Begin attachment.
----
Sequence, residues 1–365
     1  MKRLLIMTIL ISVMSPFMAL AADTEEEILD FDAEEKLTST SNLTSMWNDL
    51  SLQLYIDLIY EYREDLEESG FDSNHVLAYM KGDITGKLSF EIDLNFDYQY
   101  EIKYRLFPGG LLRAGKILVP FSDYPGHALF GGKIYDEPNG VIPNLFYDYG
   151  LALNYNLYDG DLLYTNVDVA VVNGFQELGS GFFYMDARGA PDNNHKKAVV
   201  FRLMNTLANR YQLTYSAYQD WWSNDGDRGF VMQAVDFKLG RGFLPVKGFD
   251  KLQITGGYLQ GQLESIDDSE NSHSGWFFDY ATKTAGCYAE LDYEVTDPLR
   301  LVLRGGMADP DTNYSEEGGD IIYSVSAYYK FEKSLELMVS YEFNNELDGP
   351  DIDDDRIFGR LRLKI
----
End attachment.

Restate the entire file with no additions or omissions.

Sequence, residues 1–365
     1  MKRLLIMTIL ISVMSPFMAL AADTEEEILD FDAEEKLTST SNLTSMWNDL
    51  SLQLYIDLIY EYREDLEESG FDSNHVLAYM KGDITGKLSF EIDLNFDYQY
   101  EIKYRLFPGG LLRAGKILVP FSDYPGHALF GGKIYDEPNG VIPNLFYDYG
   151  LALNYNLYDG DLLYTNVDVA VVNGFQELGS GFFYMDARGA PDNNHKKAVV
   201  FRLMNTLANR YQLTYSAYQD WWSNDGDRGF VMQAVDFKLG RGFLPVKGFD
   251  KLQITGGYLQ GQLESIDDSE NSHSGWFFDY ATKTAGCYAE LDYEVTDPLR
   301  LVLRGGMADP DTNYSEEGGD IIYSVSAYYK FEKSLELMVS YEFNNELDGP
   351  DIDDDRIFGR LRLKI